Despite HPK's detailed reasoning for not buying the book or books, I suggest you check out the Mountain Directory website and make your own decision as to whether to go around or over a particular route. You're the only one that knows your level of experience and whether or not you want to test it in places like "Oh My God" hill on 14A in Wyoming. The East directory may not be as vital as the West, but the grades are still around - just not as high or as long. Both books are available as hard copy or EBooks now.
Retired and visiting as much of this beautiful country as I can.
IMO, as a flat lander, the mountain west directory is a valuable resource. We refer to it every time we venture into the mountain states. It helps us decide whether to take a particular road and if we take it, what we are facing. We would not be without it, but you have to decide your comfort level is for driving mountain roads.
I have used the Mountain Directories for several years and find them extremely useful. The information on passing lanes, speed limits, switchbacks, length limits and warnings about taking large vehicles on a route is pretty straight forward and self explanatory. The references to grades in % and altitudes takes some perspective based on experience and the capabilities of your particular vehicle to know the difference between climbing or descending a 5% versus an 8% grade and climbing to 10,000' versus 7,000'. Once you have some reference points for comparison, the descriptions in the directories provide a pretty accurate prediction of what you can expect on a route.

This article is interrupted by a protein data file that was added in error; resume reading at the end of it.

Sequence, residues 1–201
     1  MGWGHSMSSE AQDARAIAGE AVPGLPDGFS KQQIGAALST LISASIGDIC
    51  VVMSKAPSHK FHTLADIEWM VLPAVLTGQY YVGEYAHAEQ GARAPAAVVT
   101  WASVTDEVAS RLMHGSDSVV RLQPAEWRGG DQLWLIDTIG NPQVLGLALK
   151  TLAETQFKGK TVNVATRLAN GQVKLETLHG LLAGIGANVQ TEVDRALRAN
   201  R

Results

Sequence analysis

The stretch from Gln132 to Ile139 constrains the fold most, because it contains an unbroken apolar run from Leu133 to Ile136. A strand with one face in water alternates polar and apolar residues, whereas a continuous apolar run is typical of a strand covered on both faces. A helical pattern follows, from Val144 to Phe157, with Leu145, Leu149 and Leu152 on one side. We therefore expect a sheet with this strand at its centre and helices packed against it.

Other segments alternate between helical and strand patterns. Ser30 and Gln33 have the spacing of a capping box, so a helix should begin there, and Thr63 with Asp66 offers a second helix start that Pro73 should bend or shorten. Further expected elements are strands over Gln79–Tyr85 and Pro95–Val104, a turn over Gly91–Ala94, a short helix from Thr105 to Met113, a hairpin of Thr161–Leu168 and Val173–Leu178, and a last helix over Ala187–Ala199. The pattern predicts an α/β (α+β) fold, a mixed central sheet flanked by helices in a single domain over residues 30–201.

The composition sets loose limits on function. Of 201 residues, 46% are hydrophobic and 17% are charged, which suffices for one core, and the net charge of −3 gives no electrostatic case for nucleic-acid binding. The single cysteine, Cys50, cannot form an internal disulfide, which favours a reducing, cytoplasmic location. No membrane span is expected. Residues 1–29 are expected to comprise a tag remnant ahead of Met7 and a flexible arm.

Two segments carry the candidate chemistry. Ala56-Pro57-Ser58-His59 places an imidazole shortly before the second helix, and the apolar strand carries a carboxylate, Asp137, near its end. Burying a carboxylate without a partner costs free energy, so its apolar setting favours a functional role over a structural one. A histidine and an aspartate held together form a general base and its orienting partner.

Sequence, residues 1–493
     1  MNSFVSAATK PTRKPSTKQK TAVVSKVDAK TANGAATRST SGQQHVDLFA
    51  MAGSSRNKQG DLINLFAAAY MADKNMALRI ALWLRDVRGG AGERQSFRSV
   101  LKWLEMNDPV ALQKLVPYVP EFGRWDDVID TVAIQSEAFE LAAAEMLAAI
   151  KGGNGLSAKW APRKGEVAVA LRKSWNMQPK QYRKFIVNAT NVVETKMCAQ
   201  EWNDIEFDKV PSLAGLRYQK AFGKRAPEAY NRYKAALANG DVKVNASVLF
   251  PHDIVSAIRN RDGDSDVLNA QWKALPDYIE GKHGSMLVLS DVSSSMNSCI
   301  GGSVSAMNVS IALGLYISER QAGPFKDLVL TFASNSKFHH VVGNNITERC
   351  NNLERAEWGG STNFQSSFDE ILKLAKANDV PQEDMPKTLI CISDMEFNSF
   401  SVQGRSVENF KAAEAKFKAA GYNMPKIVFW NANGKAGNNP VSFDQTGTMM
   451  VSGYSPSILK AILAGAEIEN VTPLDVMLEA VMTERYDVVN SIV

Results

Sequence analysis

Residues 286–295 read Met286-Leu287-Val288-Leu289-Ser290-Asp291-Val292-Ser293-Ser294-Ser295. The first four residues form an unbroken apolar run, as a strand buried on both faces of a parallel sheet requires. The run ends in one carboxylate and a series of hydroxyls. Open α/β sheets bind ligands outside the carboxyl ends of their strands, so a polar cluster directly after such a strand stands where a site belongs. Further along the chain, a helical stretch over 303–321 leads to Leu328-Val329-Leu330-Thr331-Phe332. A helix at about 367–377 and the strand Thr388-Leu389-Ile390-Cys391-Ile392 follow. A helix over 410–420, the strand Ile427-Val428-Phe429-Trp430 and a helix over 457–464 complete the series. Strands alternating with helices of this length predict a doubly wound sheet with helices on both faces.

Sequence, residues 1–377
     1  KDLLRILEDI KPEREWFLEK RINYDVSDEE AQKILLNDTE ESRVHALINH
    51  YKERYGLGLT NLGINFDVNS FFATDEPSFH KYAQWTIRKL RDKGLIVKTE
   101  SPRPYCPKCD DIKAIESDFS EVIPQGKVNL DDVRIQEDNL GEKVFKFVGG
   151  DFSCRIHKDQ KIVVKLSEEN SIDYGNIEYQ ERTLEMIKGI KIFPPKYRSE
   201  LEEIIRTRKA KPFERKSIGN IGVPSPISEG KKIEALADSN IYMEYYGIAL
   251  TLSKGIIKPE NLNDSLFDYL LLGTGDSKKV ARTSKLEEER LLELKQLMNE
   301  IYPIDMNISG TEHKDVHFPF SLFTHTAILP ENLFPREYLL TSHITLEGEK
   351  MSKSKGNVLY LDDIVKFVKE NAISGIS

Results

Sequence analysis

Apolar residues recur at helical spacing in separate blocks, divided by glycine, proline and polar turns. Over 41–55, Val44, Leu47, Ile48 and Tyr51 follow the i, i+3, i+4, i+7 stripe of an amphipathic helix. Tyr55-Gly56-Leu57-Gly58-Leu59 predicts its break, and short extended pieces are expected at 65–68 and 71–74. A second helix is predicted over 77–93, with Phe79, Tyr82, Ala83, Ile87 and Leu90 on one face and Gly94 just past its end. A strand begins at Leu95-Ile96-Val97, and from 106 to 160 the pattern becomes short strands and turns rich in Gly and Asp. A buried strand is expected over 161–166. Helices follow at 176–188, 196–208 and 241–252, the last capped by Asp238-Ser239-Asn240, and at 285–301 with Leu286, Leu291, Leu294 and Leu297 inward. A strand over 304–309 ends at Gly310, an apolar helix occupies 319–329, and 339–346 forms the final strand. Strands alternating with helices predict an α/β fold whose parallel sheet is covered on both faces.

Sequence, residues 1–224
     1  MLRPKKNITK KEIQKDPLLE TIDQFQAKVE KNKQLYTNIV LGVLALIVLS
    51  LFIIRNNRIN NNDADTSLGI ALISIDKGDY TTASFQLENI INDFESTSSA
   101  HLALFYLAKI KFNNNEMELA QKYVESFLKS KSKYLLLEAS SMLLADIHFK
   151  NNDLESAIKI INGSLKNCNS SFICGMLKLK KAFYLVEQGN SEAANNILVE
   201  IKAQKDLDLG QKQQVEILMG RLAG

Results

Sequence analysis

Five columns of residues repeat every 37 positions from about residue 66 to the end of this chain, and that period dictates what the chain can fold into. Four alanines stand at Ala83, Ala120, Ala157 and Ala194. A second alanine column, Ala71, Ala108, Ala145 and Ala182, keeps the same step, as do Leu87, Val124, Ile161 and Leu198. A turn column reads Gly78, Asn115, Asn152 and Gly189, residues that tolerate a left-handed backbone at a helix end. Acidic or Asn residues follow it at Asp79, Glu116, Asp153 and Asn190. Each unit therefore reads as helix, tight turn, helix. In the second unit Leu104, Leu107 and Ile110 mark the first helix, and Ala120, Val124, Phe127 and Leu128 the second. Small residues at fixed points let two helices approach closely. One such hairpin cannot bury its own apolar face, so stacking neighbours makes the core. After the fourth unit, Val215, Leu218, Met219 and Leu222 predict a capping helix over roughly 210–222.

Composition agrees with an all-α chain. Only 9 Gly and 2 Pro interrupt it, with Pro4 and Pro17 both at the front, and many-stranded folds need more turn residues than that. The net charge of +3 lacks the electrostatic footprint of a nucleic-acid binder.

I bought one because every one said oh you have to get one. I looked at some of passes I have been over several times had a big laugh, tossed it in a cornor somewhere and unless my wife did something with it its still there. If I had the book before I had alread been over some of the pass I may not have gone. If its paved, has a state or fed road number and there isnt a sign RV's should not use then Im very likely to take it
2000 Ford F-350 SRW 4X4 PSD Jayco Super Lite 29.5RKS (31') 5th wheel 50 gal X-ferflow in the bed tank. Banks big exhaust and Stinger kit.
Knowing that long 6% grades at altitude are not friendly to the heat gauge for my transmission, I used the Mountain Directory West to avoid three of them in one day in Mt this summer. By selecting another route I only added about one hour to a day trip.
2001 2500 Silverado LS 4x4 6.0, 4.10
2007 Jayco Eagle 288RLS
Cocktails for 6, Dinner for 4, Sleeps 2
End of dirt road, no signs in sight, sun going down: I am not lost, just getting ready to go camping.